2012 Atlantic Hurricane Season Birdseye Discussion #97

By: NCHurricane2009 , 8:32 AM GMT on September 05, 2012

...SEPTEMBER 5 2012...4:35 AM EDT...
This is one of the most important birdseye discussions I have released all season...due to the ominous threat that Leslie brings to Bermuda. Tropical Storm Leslie is still lurking north of the Lesser Antilles and south of Bermuda...forecast to gradually accelerate northwestward than northward across the west Atlantic and pass very close or over Bermuda over the next days. She could intensify into a strong hurricane...and hurricane watches may go up for Bermuda around Friday morning (based on the possible arrival time of hurricane force conditions and the standard practice for issuing watches 48 hours in advance of those conditions). Tropical storm conditions could reach Bermuda as early as Saturday evening. In addition...Leslie is bringing surf and rip currents to all northern Caribbean Islands...Bahamas...Bermuda...the east US shore...expected to eventually spread into Atlantic Canada. See Leslie special feature section for further details.

In the last 24 hours...tropical depression thirteen has become Tropical Storm Michael at a location well to the east of Leslie. This is the third earliest thirteenth tropical storm in the Atlantic on record...behind Maria of 2005 and Maria of 2011. Despite the hyperactive pace of this season...no storms yet have become a major hurricane (115 mph+ max sustained winds). See Michael special feature section for details on this storm.

A tropical disturbance southeast of Tropical Storm Michael (in the eastern tropical Atlantic) is currently disorganized but still in favorable upper winds...and therefore I still have a special feature section for this system. See third special feature section below for details on this tropical wave.

A new tropical disturbance could emerge in the northern Gulf of Mexico as it sags southward from the Mississippi-Alabama area. This system has already been introduced into this morning's NHC tropical weather outlook...but I am waiting for this system to emerge over the northern Gulf before making it yet another special feature section on this blog. This system is currently mentioned in paragraph P3 in the mid-latitudes discussion below.


This chart is generated based on surface analysis from the National Hurricane Center TAFB at 1800Z, and the 1929Z-released HPC analysis.

In light blue is upper air analysis, with 200 mb wind barbs calculated by GOES satellite imagery showing the upper-level wind direction. Based on the 200 mb wind barbs, blue-dashed lines are locations of upper troughs, blue-zig-zag lines are locations of upper ridges. Blue Ls are locations of upper lows, blue Hs are locations of upper ridges.

In red is surface analysis, with solid lines indicating locations of surface fronts, dashed lines indicating locations of surface troughs, and zig-zag lines indicating surface ridge axes. Ls indicate surface lows, Hs indicate surface highs.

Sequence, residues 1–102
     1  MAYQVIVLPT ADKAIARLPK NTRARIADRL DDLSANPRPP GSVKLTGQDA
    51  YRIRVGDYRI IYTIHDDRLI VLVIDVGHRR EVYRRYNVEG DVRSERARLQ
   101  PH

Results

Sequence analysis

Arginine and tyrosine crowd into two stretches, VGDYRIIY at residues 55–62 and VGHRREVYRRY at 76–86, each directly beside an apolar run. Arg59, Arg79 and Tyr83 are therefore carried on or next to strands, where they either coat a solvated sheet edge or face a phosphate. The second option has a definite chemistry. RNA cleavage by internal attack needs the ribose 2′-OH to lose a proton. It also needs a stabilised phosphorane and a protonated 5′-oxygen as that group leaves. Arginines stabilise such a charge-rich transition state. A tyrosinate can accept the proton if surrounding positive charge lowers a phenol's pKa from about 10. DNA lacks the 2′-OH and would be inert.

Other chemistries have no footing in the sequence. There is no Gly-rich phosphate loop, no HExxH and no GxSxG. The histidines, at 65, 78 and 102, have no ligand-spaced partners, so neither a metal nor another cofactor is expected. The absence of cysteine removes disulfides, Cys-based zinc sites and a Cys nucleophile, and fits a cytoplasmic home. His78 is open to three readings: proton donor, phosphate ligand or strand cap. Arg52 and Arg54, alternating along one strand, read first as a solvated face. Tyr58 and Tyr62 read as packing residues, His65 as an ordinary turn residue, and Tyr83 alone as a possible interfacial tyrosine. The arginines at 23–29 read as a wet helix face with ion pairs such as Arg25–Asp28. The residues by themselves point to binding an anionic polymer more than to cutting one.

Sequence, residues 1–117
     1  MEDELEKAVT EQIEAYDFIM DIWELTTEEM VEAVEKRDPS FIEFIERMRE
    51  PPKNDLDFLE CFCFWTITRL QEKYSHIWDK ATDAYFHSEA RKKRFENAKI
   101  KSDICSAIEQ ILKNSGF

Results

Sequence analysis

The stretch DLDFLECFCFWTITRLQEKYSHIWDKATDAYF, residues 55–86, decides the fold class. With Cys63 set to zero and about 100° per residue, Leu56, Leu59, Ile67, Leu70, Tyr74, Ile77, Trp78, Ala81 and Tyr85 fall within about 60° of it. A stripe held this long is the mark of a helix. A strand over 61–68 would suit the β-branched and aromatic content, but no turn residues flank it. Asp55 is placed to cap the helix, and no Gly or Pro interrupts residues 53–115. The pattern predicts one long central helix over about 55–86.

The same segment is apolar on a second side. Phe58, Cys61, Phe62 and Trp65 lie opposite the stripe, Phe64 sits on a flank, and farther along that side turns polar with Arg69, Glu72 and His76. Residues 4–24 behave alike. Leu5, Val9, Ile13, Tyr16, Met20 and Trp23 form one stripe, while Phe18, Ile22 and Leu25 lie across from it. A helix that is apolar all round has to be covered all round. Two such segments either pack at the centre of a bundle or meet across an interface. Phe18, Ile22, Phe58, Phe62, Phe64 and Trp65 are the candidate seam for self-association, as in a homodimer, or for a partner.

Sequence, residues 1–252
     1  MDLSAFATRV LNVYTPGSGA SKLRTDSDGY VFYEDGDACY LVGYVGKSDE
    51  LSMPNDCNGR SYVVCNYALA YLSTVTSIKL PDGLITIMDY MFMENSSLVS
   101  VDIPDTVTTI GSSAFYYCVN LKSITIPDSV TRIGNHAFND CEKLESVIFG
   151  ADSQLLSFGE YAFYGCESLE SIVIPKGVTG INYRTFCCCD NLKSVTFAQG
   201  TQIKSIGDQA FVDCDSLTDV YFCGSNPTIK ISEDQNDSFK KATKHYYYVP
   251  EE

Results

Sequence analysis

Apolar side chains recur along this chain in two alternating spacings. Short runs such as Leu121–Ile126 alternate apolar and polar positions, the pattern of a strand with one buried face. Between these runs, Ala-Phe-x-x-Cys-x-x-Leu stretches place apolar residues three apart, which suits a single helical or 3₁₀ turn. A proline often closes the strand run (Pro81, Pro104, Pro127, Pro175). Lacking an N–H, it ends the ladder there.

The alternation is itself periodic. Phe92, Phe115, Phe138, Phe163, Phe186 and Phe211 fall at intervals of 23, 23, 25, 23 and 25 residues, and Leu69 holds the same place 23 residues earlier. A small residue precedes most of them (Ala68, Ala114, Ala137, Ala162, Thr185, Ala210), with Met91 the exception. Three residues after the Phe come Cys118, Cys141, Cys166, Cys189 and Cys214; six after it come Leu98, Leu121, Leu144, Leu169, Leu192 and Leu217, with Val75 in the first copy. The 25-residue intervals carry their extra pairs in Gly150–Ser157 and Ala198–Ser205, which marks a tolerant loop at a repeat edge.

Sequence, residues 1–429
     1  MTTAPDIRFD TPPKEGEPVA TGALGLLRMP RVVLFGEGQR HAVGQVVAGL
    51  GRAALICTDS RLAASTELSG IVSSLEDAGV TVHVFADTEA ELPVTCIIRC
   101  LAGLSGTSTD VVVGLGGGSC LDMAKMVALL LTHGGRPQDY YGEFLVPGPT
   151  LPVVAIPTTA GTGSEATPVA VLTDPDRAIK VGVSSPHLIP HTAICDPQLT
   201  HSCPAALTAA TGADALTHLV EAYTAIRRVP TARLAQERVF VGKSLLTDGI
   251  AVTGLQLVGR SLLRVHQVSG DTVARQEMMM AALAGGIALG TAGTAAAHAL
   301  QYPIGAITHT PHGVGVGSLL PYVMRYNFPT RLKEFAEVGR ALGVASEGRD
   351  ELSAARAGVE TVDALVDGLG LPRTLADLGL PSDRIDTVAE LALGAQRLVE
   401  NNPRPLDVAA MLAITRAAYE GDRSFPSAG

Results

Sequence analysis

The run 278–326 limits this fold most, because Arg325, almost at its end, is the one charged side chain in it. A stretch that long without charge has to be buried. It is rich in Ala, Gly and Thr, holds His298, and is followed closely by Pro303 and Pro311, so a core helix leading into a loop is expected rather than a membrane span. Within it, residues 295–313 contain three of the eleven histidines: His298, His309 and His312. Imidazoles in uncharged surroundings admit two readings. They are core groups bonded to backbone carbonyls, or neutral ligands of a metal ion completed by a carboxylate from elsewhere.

This chart is generated using GOES water vapor satellite imagery. Brown indicates dry air. White, blue, and purple indicates moist air. An increase in moisture indicates slower air parcel lapse rates with elevation and hence an increase toward instability.

Sea-surface temperatures are overlaid with light blue isotherms. The 26 deg C isotherm is highlighted in red. Waters at and south of the 26 deg C isotherm indicate low-level warmth and hence faster environmental lapse rates with elevation (more instability). Waters north of the 26 deg C isotherm indicate slower environmental lapse rates with elevation (less instability).

Leslie remains quasi-stationary over the western tropical Atlantic...with the storm trapped between the Atlantic Canada low-level ridge to her north (paragraph P2)...Gulf of Mexico low-level ridge to her west (paragraph P1)...and Atlantic low-level ridge to her east (paragraph P4). In its trapped state...the tropical storm has advanced northward in the last 24 hours. Based on her northward progression in last 24 hours and the blocking low-level ridge pattern persisting thru 48 hrs (thru 11 PM Thu) in this morning's 00Z GFS...I agree with the NHC track thru that time.

Longer-term...models show the next frontal system in the mid-latitude westerlies (paragraph P1) knocking out the blocking Atlantic Canada low-level ridge to the north (paragraph P2)....which will cause Leslie to generally accelerate faster to the north. I also agree with the longer-term forecast shown by NHC this morning based on how the 00Z GFS animates the low-level winds. This means I am showing a westward shift from my previous philosophy...as I return a wiggle to the left. My previous forecast had cancelled the wiggle to the left as I thought Leslie would be too far south to feel the initial break in the blocking low-level ridging from the incoming frontal system. With Leslie advancing northward in the last 24 hours (and the expectation that she continues to do so)...I now think she has re-earned her potential to feel this initial break. Details that were not previously their about the next frontal system are emerging in the models that also support this westward wiggle. For instance...00Z GFS shows a small frontal cyclone and shortwave upper trough ejecting eastward well in advance of the main bulk of this frontal system. Upper convergence on the west side of this passing shortwave begins building a short-lived surface ridge to the north of Leslie beginning in 72 hrs (11 PM Fri)...the surface ridge helping her westward wiggle. The forecast track in Figure 1 is more threatening to Bermuda than ever...with tropical storm conditions expected to reach the island by late Saturday...and severe hurricane force conditions reaching the island by Sunday morning...if the current forecast verifies.